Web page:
In science, though???? No idea – that is odd.

    • 6 David Hone 08/11/2010 at 1:23 pm

      Well I do appreciate in music that this is often the only thing available. If Mozart didn’t write down exactly what he meant when he wrote a piece then you have to interpret, but the Floyd? Even without asking them, there are enough interviews and documentaries out there. Part of what I found amusing / frustrating in the book were cases where the author flat contradicted things said by the band at various times or provided hugely detailed explanations for pieces that could not have related to them if you knew a bit about the works’ creation.

      • 7 intercostal 08/11/2010 at 2:12 pm

        I didn’t say it wasn’t ridiculous — just that it is indeedc an idea out there among some arts (in the broad sense including literature, music, etc.) people. The idea is just because the author directly says “no I didn’t intend that” it doesn’t necessarily mean reading that into it isn’t valid because suggesting that truth exists is ideological tyranny. Or something, I never understood those people anyway.

      • 8 David Hone 08/11/2010 at 2:15 pm

        “Or something, I never understood those people anyway.”

        Entirely reasonable and that probably resonates with more than just me on here.

      • 9 intercostal 08/11/2010 at 2:37 pm

        This isn’t in fact the first time I’ve seen it applied to science — ‘Orac’ on scienceblogs posted about an application of this post-modernist there-is-no-truth stuff to medicine at: http://scienceblogs.com/insolence/2006/08/damn_those_microfascists_demanding_evide_1.php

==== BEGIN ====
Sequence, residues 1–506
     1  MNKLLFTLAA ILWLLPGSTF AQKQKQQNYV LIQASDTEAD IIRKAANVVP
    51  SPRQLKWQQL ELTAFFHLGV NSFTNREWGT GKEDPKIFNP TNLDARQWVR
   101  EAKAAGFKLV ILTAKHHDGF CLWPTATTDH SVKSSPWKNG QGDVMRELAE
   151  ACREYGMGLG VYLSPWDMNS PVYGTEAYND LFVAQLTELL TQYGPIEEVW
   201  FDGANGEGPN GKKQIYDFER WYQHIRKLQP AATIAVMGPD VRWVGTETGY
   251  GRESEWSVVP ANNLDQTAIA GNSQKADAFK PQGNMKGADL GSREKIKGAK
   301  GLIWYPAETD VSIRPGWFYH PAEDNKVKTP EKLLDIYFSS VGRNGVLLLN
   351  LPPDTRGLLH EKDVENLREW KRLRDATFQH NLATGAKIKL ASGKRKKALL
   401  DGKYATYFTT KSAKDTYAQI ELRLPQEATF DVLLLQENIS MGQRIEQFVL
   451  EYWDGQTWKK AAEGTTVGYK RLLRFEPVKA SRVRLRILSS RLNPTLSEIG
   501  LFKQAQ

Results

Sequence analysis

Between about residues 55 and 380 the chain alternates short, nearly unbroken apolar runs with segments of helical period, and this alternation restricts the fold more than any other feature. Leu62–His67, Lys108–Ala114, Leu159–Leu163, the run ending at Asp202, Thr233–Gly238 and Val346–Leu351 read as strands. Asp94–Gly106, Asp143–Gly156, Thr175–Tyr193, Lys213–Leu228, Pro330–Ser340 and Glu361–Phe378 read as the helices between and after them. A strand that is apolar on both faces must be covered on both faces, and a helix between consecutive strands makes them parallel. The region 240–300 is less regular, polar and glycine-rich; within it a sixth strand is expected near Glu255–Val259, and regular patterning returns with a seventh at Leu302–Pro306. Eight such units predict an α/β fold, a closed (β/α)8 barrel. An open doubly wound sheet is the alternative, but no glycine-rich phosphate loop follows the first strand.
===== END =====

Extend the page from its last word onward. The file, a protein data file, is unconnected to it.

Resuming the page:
The upshot being that evidence – based approaches to medical care are “outrageously exclusionary”. Oh, and “microfascism” – whatever *that* means.

        (Getting back to the original post) I’m not sure the case you mention is an explicit example, it doesn’t sound nearly so extreme, but there may be a cultural continuity (in that the argue-over-it-rather-than-find-the-truth attitude is an influence on both.)

      • 10 David Hone 08/11/2010 at 2:43 pm

        Yes, I’m intrigued as to if this is a sub-culture of thing. Debate for the sake of it perhaps, or even people trying to argue just to show they spotted the point, or that they can come up with more ideas about what it could mean to show off their knowledge and make a statement and that the original ‘point’ is there only as a platform for something else. Looking at it from the outside though, it does just strike me as pointless.

  3. 11 chris y 29/11/2010 at 6:07 pm

    Do you think Syd Barrett would have been able to tell you what he was thinking, if he were still alive? Do you feel confident he even knew at the time? I love Pink Floyd, especially their early stuff, but I feel that very likely the degree of self-consciousness involved in creating a psychedelic rock album is rather different from that you might bring to bear on writing a scientific paper.

    • 12 David Hone 29/11/2010 at 6:42 pm

      Well not him no, but the specific example in the book was about ‘Any Colour You Like’ and the comments I have read about it were from Dave Gilmour and I don’t think there’s too much controversy there. There was also a lot of stuff about the Waters era stuff (and his solo works) and he has all kinds of notes and so on about his plans for his albums (and wrote long and extensive liner notes for Radio K.A.O.S for example). He knew exactly what he was trying to say and how so second guessing him is, I think, both pointless and silly.

      The point is really just one of analogy, why guess, or try to calculate intention when you can just ask?